VAL 2016 | Donald Trump är expert på att få exponering i media trots att han kontinuerligt förolämpar deras kampanjbevakning.
Och även om rapporteringen oftast är negativ kan media inte ta ögonen ifrån honom. ”He’s pulling 33 times as much coverage on the major networks as his next-closest GOP competitor, and twice as much as Hillary”, skriver Matt Taibbi i Rolling Stone.
I år är det tydligt att väljarna trötta på vad man ser som en allians mellan media och partiernas etablissemang kring beskrivningen av vad som måste göras i landet och vilka politiker som är lämpliga för jobbet.
Att väljarna på både vänster- och högerkanten har tröttnat på att deras respektive partier alltid tycks välja samma typ av politiker har skapat utrymme för både Bernie Sanders och Donald Trump.
Vare sig Sanders eller Trump är naturliga representanter för sina respektive partier. Båda har kommit in i sina partier relativt sent. Båda ses som outsiders av gräsrötterna. Och i år är detta ett plus.
Taibbi skriver om fenomenet Trump:
Trump is no intellectual. He’s not bringing Middlemarch to the toilet. If he had to jail with Stephen Hawking for a year, he wouldn’t learn a thing about physics. Hawking would come out on Day 365 talking about models and football.
But, in an insane twist of fate, this bloated billionaire scion has hobbies that have given him insight into the presidential electoral process. He likes women, which got him into beauty pageants. And he likes being famous, which got him into reality TV. He knows show business.
That put him in position to understand that the presidential election campaign is really just a badly acted, billion-dollar TV show whose production costs ludicrously include the political disenfranchisement of its audience. Trump is making a mockery of the show, and the Wolf Blitzers and Anderson Coopers of the world seem appalled. How dare he demean the presidency with his antics?
But they’ve all got it backward. The presidency is serious. The presidential electoral process, however, is a sick joke, in which everyone loses except the people behind the rope line. And every time some pundit or party spokesman tries to deny it, Trump picks up another vote.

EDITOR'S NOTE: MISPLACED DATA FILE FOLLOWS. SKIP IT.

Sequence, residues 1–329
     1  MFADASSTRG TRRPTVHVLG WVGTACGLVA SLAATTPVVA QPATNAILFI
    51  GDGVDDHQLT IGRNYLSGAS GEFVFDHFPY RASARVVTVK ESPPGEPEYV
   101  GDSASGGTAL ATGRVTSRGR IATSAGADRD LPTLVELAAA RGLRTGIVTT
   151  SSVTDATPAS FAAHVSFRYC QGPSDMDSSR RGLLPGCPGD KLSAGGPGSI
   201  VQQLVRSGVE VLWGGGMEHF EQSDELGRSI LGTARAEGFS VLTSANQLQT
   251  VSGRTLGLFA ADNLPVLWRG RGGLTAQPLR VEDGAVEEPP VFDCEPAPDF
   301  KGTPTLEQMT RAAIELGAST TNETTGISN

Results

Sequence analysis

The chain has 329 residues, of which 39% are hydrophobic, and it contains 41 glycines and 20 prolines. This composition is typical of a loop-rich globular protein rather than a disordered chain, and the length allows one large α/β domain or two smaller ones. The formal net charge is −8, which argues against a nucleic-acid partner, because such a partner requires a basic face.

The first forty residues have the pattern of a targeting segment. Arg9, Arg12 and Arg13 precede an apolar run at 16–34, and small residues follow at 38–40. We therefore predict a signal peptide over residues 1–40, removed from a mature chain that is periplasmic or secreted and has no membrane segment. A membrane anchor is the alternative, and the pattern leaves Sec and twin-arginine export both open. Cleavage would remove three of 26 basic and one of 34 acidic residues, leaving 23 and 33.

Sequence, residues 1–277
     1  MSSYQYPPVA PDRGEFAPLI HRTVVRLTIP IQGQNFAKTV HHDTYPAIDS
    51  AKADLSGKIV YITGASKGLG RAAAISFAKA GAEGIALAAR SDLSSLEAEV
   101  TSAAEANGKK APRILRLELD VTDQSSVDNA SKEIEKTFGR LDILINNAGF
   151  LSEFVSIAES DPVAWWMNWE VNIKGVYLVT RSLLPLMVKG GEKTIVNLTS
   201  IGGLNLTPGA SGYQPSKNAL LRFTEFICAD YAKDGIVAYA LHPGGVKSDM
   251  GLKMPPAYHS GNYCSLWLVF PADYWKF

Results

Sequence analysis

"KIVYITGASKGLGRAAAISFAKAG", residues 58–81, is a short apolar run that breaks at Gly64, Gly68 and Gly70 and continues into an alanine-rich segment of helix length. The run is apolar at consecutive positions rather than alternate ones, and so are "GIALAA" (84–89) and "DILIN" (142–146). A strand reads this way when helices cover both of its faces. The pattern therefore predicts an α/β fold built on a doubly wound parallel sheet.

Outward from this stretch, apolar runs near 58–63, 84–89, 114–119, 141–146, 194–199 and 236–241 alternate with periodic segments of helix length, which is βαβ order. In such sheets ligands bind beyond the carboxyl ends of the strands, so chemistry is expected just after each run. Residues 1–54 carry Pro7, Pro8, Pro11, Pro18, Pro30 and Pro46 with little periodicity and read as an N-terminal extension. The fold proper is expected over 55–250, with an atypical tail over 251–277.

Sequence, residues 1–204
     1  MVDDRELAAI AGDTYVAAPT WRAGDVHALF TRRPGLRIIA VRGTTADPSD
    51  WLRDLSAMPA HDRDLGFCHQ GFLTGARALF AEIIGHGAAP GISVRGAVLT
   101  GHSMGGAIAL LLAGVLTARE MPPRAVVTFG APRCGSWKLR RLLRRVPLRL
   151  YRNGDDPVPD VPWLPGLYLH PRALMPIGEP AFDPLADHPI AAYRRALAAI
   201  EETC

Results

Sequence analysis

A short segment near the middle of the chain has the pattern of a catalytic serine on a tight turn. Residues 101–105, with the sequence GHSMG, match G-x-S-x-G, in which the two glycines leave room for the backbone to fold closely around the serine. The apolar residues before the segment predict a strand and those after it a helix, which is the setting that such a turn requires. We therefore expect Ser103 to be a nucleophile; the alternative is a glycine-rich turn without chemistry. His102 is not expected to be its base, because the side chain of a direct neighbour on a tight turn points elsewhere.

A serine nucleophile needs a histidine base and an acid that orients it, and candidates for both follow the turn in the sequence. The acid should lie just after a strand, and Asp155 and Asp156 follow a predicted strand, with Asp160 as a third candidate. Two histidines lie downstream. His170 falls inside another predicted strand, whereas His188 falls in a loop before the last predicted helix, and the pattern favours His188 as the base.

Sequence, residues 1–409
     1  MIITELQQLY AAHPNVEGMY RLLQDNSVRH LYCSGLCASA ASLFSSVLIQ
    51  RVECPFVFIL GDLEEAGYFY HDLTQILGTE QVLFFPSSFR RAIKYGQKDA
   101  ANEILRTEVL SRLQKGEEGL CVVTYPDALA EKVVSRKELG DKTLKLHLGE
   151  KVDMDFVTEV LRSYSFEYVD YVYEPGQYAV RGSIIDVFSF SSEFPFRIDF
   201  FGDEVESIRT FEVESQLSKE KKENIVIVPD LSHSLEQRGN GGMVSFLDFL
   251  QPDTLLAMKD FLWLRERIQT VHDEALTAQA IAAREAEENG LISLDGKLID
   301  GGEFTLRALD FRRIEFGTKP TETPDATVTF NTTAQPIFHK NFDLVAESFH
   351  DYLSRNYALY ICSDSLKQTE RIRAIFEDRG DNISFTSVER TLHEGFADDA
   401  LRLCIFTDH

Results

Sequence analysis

Interestingly, a lot of Trump’s political act seems lifted from bully-wrestlers. A clear influence is ”Ravishing” Rick Rude, an Eighties champ whose shtick was to insult the audience. He would tell ticket holders they were ”fat, ugly sweat hogs,” before taking off his robe to show them ”what a real sexy man looks like.”
In Greenville, Donald ”The Front-Runner” Trump started off the debate by jumping on his favorite wrestling foil, Prince Dinkley McBirthright, a.k.a. Jeb Bush. Trump seems to genuinely despise Bush. He never missed a chance to rip him for being a ”low-energy,” ”stiff” and ”dumb as a rock” weenie who lets his Mexican wife push him around. But if you watch Trump long enough, it starts to seem gratuitous.
Trump’s basic argument is the same one every successful authoritarian movement in recent Western history has made: that the regular guy has been screwed by a conspiracy of incestuous elites.
Reporters have focused quite a lot on the crazy/race-baiting/nativist themes in Trump’s campaign, but these comprise a very small part of his usual presentation. His speeches increasingly are strikingly populist in their content. His pitch is: He’s rich, he won’t owe anyone anything upon election, and therefore he won’t do what both Democratic and Republican politicians unfailingly do upon taking office, i.e., approve rotten/regressive policies that screw ordinary people.
No one should be surprised that he’s tearing through the Republican primaries, because everything he’s saying about his GOP opponents is true. They really are all stooges on the take, unable to stand up to Trump because they’re not even people, but are, like Jeb and Rubio, just robo-babbling representatives of unseen donors.
Tidskriftsomslag: Rolling Stone, 10 mars (nr. 1256) 2016